Expectations of early interest rate cuts are high, especially as recession signals are set to rise through Q1 2024. Will Central Banks stay the course and normalise interest rates, or will be take the easy option of further low interest rate distortion?
Would you rather lose your job to stagflation, recession or deflation? Argentina’s voters have gone for the populist option – good luck! OpenAI – I guess the genie is out the bottle.
Lots of conflicting signals in markets, but what does it all mean? It largely boils down to inflation – to understand it we have to think beyond conventional economics and address the causes and reality, rather than punishing the economy!
US Inflation looks to have been beaten, but that might not mean very much if the global economy is still headed into recession. Rates and consumption are a lagging problem for the markets, and there is a chance even strong economies will stall.
Markets are focused on the immediate debt-ceiling crisis, and the short-term game of guessing rates vs inflation. Down the line are the bigger challenges of the medium and long-term: issues we need to be investing in now to garner long-run returns or just to survive!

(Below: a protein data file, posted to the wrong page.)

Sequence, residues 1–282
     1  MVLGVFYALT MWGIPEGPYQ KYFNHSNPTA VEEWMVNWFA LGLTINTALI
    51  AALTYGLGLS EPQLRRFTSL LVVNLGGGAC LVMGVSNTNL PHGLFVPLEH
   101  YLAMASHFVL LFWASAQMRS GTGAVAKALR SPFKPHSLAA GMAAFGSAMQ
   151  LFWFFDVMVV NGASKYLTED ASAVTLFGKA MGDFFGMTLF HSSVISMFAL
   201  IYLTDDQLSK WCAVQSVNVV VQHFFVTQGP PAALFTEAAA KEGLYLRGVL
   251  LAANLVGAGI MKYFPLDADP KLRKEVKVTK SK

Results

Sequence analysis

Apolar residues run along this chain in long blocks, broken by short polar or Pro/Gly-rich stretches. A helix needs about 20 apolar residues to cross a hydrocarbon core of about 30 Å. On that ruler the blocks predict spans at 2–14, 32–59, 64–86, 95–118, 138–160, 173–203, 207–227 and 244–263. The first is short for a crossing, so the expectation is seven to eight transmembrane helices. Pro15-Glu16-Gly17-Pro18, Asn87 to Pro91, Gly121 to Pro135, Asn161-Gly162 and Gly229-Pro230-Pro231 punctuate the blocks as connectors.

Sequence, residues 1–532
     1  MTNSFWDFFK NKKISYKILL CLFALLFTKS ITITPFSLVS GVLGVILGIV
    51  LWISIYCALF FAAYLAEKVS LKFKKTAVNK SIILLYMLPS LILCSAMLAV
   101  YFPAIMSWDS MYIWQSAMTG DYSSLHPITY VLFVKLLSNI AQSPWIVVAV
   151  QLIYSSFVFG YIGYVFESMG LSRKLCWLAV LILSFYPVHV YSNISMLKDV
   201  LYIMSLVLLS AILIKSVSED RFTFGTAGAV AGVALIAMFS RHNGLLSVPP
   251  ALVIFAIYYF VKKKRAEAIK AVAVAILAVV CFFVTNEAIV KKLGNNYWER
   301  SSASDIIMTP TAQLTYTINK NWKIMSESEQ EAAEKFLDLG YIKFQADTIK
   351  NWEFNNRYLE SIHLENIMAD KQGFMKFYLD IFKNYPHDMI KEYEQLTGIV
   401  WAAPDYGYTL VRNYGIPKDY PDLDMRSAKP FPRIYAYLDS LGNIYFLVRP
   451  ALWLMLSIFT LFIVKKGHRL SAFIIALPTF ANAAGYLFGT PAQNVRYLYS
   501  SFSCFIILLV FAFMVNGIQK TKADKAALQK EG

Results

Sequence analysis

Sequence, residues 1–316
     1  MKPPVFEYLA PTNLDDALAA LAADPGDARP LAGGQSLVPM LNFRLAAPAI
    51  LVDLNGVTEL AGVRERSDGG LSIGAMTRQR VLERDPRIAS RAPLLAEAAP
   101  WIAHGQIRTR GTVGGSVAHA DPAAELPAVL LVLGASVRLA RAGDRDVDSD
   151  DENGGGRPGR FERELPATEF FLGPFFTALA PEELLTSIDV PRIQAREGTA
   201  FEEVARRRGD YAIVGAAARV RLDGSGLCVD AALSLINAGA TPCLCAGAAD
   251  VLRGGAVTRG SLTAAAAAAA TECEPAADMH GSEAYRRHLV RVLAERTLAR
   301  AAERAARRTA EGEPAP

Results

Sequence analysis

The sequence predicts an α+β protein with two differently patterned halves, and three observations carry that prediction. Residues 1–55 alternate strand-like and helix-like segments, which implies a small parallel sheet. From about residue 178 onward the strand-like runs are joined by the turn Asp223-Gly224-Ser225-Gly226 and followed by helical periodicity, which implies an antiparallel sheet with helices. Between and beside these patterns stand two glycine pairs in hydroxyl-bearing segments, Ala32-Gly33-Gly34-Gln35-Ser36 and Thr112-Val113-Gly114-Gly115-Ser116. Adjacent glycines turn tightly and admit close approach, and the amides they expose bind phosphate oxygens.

What does £5.40 a coffee tell us about the economy? That inflation is sticky. Do we face a stagflationary bust or a reflationary boom? Either will mean Central Banks have failed. At the heart of today’s economy are a succession of issues to resolve – not least is the need for a reset on corporate behaviours to drive stable growth.
The Market Commentariat think deflation will counter inflation, rates will fall, and recession will be limited. The world is more complex - supply side factors are more volatile. Stagflation is a more likely outcome than recession.
As Janet Yellen warns of default risk, and Jay Powell hikes rates, the risks to the global economy are mounting: a deflationary bust, or stagflation? Market confidence in the face of a deepening credit crunch is falling.